Rubin sold the restaurant in 1974 to Muriel and Carl Grupp, his brother’s daughter and son-in-law. They passed it on to their son and his wife, Larry and Rhonda Grupp, who sold the deli to the Gellermans in 1997.
The Gellermans had been talking about selling the restaurant for a while.
They sold the building and the restaurant to an investor, David Danesh. According to Gellerman, Danesh wants to keep a kosher restaurant going in that location and the possibility existed that Rubin’s would have continued close to its present form. However, as Gellerman put it, the possible deal “went back and forth” and finally, on Thursday around 4 p.m., Gellerman thought that perhaps it was now time to close the business.
Gellerman said that he was closing for only one reason: he wants to spend more time with his family. “We didn’t close for financial issues,” he said. Instead, he noted that over the years he and his wife owned Rubin’s, they would never get to spend as much time together as they would have liked.
“I’d be going to work in the evening and she would be coming home,” he said. “The last time I took a vacation with my family was 2005.”
The Gellermans raised a son and a daughter and got them both through college while running the deli. Their children also worked at the deli at times, which Gellerman said instilled in them a good work ethic and gave them an appreciation of their Jewish heritage.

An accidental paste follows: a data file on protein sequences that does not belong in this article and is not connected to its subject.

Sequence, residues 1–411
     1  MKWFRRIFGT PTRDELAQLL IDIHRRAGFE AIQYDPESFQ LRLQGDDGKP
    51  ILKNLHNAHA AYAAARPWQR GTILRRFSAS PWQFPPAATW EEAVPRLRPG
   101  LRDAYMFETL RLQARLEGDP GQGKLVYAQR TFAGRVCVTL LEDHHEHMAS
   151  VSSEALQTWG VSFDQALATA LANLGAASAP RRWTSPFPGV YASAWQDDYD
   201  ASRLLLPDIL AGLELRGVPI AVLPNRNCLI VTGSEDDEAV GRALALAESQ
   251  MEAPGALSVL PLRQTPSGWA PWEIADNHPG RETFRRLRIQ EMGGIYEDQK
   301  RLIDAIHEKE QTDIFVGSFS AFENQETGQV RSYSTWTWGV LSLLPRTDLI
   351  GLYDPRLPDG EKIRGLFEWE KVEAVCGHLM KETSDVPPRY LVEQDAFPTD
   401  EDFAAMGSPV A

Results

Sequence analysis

“I brought up two good mensches because of Rubin’s,” he said. “My kids got both the street smarts and the book smarts. They would never have had this education going to any public or private schools.”
Running the deli took a toll on the whole family, as much as they enjoyed it. As Gellerman noted about his children, “They used to come home at night exhausted but they appreciated it. But they understood why their parents were tired.”
Although the closing was sudden, Gellerman wanted to make sure that the staff would be okay. He called around to local businesses to find employment for everyone who was working there.
Gellerman acknowledged that Rubin’s was more than just a restaurant, but also one of the cornerstones of the Boston Jewish community.
“On Friday, it felt like a shiva,” he said. “Everyone was coming in crying and kissing me and hugging me. Everyone was wishing us well.”
Many customers offered testimonials online and in person. “I ate at Rubin’s the first night I was in Boston for college, and it has been a fixture in my life here ever since,” said Andrew Marc Greene, who grew up in New York City and now lives in Newton. “I’m saddened by their closing and will miss them.”
Although Rubin’s is closed, Gellerman is hopeful that Danesh will find investors for a new kosher restaurant in the same location. Shuly Rubin Schwartz is hopeful too, and would love to see her family’s name continue to be part of the restaurant.
“My grandfather would have been thrilled if it continued with his name as long as it was a kosher establishment,” she said. “That’s what he cared about most. He understood the power of kashrut to bind the community together. And we know how essential food is to creating community.”